I’m proudly Finnish, so I wanted to write about a masterpiece of Finnish horror, Sauna. Now, Finnish horror is not a term you hear in everyday conversation. That’s because Finnish horror is not really a thing. Which in turn means that being a masterpiece of Finnish horror doesn’t really mean anything. But let me tell you, Sauna is a masterpiece. I’m very, very picky when it comes to Finnish movies; I hardly like any of them. Sauna I do like. In this post I’ll tell you why.
Knut and Eerik are on a mission to outline a new border after a war that was waged between Sweden and Russia. Since Finland was part of Sweden back then, Finland was involved in the war. But I won’t bore you with the historical details any further (although I myself am quite partial to historical details) since this is not a boring history movie. Knut and Eerik’s journey is shadowed by the memory of doing a dreadful deed along the way: killing a father and leaving his daughter to rot in a basement in the middle of nowhere. Eventually they happen across a mysterious village that boasts a special kind sauna. This sauna radiates an enigmatic atmosphere that shrouds all the residents under its pious aura. This is a sauna where you go to atone for you sins.
Hang on, a sauna? How can a sauna have anything to do with atonement? I should mention that while you’re all very familiar with saunas and it’s not a special Nordic mystery anymore, there’s more to saunas than just naked sweating and beer drinking (or relaxation and pore cleansing, if you’re into a healthier lifestyle). In the olden days in Finland, a sauna was a spiritual place, almost like a peculiar chapel. When you gave birth, your newborn was washed in the sauna. When you died, you body was washed in the sauna. It was a sacred place, a place for rites of passage, where the soul entered and exited the realm of the living.
Sauna the movie is proper scary, which really surprised me when I first saw it. The only feeling a Finnish movie had ever awoken in me was depression and gloom (except for a few glorious comedy movies made in the nineties). While Sauna has the same Finnish signature atmosphere of depression and gloom, it works well with the transcendental and psychological terror that slowly creeps up on Knut and Eerik. And let’s face it, Finland in the 1500s was a gloomy and depressing place. So, gloom and depression are very much legitimate in this movie. Now I shall move on and try to write a sentence without the words “gloom” and “depression” in it.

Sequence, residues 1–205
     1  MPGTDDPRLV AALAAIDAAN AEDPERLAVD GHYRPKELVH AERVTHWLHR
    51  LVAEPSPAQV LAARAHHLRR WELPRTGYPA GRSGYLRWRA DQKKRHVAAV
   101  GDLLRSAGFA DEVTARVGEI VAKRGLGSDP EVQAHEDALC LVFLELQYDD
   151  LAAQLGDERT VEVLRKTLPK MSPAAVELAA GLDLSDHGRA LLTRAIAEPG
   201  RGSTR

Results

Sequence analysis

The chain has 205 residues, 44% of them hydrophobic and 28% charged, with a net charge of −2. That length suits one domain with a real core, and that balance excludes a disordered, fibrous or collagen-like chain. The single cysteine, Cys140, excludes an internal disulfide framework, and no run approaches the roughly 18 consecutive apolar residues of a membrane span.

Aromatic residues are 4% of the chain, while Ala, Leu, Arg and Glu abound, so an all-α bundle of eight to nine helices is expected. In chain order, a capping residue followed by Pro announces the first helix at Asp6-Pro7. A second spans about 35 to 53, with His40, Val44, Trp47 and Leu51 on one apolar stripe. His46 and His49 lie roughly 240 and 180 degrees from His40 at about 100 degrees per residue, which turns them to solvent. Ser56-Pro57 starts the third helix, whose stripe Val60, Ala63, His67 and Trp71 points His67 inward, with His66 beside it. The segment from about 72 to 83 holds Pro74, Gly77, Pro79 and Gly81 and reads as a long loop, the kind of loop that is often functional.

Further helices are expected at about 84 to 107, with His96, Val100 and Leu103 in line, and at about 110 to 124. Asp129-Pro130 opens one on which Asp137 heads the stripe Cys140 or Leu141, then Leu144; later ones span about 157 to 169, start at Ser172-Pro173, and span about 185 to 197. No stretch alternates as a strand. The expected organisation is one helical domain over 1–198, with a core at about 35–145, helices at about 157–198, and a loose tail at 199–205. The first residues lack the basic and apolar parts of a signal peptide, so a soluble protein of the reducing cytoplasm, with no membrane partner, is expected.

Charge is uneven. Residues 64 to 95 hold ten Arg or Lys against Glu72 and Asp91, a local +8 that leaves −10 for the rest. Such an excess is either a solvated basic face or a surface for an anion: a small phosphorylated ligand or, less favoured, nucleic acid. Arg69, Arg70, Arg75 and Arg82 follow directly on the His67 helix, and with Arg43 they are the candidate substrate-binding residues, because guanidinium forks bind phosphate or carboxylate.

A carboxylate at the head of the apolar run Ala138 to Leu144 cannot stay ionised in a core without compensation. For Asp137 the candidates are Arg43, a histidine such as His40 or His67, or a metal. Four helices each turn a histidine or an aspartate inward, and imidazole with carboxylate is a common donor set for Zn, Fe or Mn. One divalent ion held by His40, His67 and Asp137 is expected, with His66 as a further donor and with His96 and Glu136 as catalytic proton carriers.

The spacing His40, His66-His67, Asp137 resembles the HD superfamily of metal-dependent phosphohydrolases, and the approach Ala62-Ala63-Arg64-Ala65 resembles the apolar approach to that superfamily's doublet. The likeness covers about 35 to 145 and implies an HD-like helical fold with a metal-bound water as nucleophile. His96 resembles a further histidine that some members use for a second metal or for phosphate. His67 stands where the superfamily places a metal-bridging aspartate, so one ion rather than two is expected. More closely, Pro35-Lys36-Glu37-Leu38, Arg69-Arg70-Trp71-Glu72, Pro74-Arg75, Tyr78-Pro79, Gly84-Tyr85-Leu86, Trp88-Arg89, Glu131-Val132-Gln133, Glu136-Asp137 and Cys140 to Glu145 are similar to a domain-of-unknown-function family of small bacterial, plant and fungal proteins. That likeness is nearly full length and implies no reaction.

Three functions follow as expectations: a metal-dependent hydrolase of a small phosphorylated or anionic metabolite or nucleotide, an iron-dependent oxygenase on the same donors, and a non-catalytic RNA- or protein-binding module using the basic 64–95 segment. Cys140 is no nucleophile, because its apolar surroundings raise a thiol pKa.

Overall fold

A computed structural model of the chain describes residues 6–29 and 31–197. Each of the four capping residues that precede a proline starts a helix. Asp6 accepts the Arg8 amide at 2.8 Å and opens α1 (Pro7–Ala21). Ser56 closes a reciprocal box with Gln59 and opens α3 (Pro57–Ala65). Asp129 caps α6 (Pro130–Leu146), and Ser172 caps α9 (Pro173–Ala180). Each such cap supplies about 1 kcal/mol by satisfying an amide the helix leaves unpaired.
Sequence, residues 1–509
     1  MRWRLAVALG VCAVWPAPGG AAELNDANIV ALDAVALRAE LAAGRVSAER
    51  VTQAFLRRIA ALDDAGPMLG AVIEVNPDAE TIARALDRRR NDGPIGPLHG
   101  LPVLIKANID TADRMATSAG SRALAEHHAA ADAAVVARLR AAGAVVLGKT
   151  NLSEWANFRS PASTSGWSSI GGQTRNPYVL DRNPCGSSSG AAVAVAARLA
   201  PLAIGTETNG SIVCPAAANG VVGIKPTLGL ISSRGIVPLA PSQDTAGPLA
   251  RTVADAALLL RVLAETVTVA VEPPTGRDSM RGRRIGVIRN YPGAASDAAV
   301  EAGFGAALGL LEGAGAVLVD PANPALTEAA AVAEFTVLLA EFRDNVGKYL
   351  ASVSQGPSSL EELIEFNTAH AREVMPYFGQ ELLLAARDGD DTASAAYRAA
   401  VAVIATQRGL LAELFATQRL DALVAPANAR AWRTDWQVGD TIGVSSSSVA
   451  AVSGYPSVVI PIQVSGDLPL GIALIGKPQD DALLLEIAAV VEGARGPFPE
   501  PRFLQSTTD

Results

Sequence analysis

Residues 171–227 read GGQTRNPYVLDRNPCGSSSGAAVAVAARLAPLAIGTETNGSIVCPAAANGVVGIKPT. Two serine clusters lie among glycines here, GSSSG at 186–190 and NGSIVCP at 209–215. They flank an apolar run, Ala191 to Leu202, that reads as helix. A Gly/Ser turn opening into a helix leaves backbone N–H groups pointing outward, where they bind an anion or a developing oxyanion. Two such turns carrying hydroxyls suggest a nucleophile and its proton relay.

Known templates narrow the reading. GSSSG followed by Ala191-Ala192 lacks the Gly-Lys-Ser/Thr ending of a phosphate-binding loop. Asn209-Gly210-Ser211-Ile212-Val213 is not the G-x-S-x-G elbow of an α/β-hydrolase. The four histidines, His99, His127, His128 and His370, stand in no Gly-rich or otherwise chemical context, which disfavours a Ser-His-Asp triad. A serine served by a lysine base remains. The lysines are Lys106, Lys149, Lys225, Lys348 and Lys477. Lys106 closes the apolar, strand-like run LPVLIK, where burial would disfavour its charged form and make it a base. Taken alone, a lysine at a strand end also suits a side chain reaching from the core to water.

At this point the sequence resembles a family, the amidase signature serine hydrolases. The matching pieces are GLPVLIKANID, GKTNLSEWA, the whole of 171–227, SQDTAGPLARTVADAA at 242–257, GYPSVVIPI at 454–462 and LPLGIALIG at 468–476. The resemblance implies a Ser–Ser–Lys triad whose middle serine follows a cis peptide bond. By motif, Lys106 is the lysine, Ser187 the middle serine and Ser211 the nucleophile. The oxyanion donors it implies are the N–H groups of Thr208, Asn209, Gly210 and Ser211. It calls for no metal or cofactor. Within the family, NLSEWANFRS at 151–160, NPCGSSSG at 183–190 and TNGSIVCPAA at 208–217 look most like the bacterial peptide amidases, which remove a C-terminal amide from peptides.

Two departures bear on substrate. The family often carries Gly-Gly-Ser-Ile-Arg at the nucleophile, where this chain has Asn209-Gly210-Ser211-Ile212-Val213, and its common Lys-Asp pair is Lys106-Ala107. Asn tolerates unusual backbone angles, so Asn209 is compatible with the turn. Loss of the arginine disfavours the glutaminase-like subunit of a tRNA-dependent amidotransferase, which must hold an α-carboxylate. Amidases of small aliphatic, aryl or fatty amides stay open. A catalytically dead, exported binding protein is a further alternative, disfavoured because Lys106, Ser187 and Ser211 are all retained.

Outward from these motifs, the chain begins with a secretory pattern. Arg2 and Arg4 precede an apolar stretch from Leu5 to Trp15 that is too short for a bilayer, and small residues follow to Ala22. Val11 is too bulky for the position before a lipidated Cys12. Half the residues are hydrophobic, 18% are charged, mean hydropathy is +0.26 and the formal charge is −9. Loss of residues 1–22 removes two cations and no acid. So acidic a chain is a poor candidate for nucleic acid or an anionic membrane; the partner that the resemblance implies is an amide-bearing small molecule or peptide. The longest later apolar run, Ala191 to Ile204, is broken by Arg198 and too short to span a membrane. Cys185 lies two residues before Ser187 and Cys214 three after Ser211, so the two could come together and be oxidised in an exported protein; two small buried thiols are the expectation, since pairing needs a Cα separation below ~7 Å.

What really impressed me on the first viewing of Sauna were the ghosty characters. I say ghosty characters, because they’re not exactly ghosts, and there’s absolutely no explanation given in the movie as to what they exactly are. And that’s just brilliant. I love not getting explanations. Sometimes not getting explanations means humongous plot holes and all around a crappy screenplay, but in this case it magnified the horror tenfold and preserved the mystery of the sauna, just as it should do. Enough is explained, and just the right amount is left unexplained. Because of this, your average Finn with their own sauna will get to enjoy elevated blood pressure, chills and paranoia every time they enter it, which is a sign of a job well done.
Ghosty characters and mystical saunas aside, there’s something truly terrifying about a gaunt, pertinacious Finnish man. I mean, just look at Ville Virtanen (Eerik) in this movie. His unyielding face makes me recoil in whimpering panic. His stare makes me doubt myself and everything I’ve ever achieved in life. His severe disposition makes me melt into an insignificant puddle of petrified goo. It’s not your usual “I’m an angry scary man” –effect; Eerik is a broken, war-weary man who just wants to go home. His terror stems from deep trauma combined with short temper and absolute authority. He’s like a mini villain on his road to penance. I can’t believe I’m saying this about a Finnish character in a Finnish movie, but here goes: what a juicy character.
There you have it, my thoughts on a Finnish horror movie. I have to admit, Sauna owes a lot of its scare tactics to Asian horror. But the rest of the movie is purely Finnish. There’s nothing quite like Finnish melancholy, and this movie depicts it and harnesses it perfectly: once I got over the ghosty scaries it became clear to me that the real horror of the movie is the notion of having to carry your sins with you. That’s a thought that sticks, since the audience can relate (even if the sins of the audience aren’t as serious as Knut and Eerik’s). That’s also a melancholic thought if there ever was one.
“Sen päivän jälkeen kun muutettiin tänne, ei yksikään meistä ole uskaltanut oikein kunnolla elää. Eikä kuolla.”
– pohjalainen talonpoika –
(“Ever since the day we got here, not one of us has really dared to live. Or to die.” – Northern Finnish peasant – )